Former Giants’ general manager George Young was not named the contributor candidate for the Pro Football Hall of Fame’s Class of 2018. Bobby Beathard was. But that doesn’t mean Young isn’t deserving of Canton.
Because he is.
A five-time NFL Executive of the Year, Young did for the New York Giants in the 1980s what Ron Wolf did for the Green Bay Packers in the 1990s – namely, fix them – and Wolf was one of two choices for the Hall’s inaugural class of contributors in 2015.
Including Beathard, there have been six contributor nominees for Canton, and while Young hasn’t been one of them he is nearing the finish line – with 2019, when the Hall has two contributor nominees, a real possibility.
From Hall-of-Fame linebacker Harry Carson’s vantage point, that can’t happen soon enough. While he wasn’t drafted by Young, Carson was there when the Giants’ GM transformed the club from a lifeless franchise that hadn’t been to the playoffs in 18 years to a powerhouse that won two Super Bowls on his watch and has won two more since.
He’s the guy who brokered piece between two warring owners, Wellington and Tim Mara. He’s the guy who made Phil Simms his first draft choice. He’s the guy who drafted Lawrence Taylor … and Joe Morris … and Carl Banks … and Leonard Marshall, Mark Bavaro and Jeff Hostetler. And he’s the guy who hired Bill Parcells … then kept him after the Giants were 3-12-1 in 1983.
“Georg was willing to work through the situation and give Parcells another opportunity to do things his way, and the rest is history,” Carson said on the latest Talk of Fame Network broadcast. “You look at personnel, and who brought it in and what happened during the ‘80s … and even now. If somebody in heaven asked him, ‘Do you think that you should be in the Pro Football Hall of Fame?,’ he’d probably would say,’ I don’t need that to validate me.’ But the reality is: I think that he does.
“He does warrant at least very serious consideration for being in the Pro Football Hall of Fame because he was a quality individual, he made really good choices in terms of the Giants organization, and I think he’s responsible for at least two championships that the New York Football Giants have had.”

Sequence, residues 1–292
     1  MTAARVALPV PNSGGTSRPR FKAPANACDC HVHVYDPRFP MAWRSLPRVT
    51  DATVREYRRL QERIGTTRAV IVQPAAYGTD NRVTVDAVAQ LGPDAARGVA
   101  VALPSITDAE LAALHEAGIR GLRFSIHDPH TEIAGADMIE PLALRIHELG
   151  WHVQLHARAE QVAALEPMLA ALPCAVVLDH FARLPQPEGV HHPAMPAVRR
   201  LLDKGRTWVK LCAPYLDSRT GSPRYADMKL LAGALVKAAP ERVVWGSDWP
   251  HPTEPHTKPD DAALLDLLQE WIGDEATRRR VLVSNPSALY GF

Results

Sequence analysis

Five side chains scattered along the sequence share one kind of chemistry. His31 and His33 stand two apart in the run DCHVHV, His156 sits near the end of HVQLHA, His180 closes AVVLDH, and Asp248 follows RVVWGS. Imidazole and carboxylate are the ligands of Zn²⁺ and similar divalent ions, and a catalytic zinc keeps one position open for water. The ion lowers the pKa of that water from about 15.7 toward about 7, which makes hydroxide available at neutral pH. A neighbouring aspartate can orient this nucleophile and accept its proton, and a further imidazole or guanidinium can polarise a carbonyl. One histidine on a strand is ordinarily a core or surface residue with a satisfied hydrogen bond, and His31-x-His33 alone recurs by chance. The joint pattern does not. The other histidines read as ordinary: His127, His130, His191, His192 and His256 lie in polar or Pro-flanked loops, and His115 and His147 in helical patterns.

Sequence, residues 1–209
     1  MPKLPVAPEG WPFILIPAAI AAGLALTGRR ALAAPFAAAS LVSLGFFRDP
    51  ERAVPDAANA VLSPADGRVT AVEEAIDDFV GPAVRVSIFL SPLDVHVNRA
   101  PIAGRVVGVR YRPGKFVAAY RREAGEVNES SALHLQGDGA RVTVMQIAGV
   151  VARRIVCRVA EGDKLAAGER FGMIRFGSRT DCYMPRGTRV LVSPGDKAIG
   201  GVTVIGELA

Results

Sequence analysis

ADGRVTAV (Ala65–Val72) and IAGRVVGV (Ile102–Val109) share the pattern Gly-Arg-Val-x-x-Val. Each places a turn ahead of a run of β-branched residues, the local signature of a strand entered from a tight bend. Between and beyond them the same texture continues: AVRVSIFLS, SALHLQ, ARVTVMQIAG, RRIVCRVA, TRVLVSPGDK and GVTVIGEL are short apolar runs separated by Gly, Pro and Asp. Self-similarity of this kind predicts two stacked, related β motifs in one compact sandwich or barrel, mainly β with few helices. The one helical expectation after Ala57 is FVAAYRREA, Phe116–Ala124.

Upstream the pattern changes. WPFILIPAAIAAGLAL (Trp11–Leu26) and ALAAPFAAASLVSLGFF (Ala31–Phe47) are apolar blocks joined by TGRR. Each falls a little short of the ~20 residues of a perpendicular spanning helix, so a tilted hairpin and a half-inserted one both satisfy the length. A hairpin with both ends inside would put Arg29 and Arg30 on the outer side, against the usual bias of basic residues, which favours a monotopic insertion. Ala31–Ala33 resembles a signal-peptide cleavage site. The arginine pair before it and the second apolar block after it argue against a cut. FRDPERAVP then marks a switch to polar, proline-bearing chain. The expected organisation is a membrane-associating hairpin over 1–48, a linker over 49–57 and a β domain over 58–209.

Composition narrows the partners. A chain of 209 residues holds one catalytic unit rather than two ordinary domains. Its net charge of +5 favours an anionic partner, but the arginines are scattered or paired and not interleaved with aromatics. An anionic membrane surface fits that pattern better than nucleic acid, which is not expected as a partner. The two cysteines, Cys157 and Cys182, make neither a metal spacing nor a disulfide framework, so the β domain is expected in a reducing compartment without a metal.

That, of course, is where it gets sticky. Because Young’s critics will charge that it was Parcells, not Young, behind the success of the Giants. Yet it was Young who chose Parcells after Ray Perkins left for the University of Alabama … and it was Young who stuck by Parcells … and it was Young who not only fixed a broken franchise but kept it on track through the end of his tenure, with the Giants winning a division championship in his last year (1996) on the job.
“I certainly was never in the room when they were discussing draft picks and how to build the team,” said Carson. “But if he’s the guy at the top who’s responsible for bringing in the personnel and changing, really, the culture of the team … (then) George deserves a tremendous amount of credit. Because it wasn’t just Bill Parcells.
“In terms of personnel being brought in and being able to keep good players and work trades that worked out for the organization … that’s all George Young as far as I’m concerned. And he deserves quite a bit of credit.
“He didn’t go out and do a lot of press conferences and all that stuff. He was quiet behind the scenes. He was just a quality individual. I enjoyed my experience working with him. He was a man of his word, and he cared about you as a person, not necessarily solely as a football player. He was certainly good for the game, and I think he was very good for the NFL and, obviously, good for the New York Football Giants.”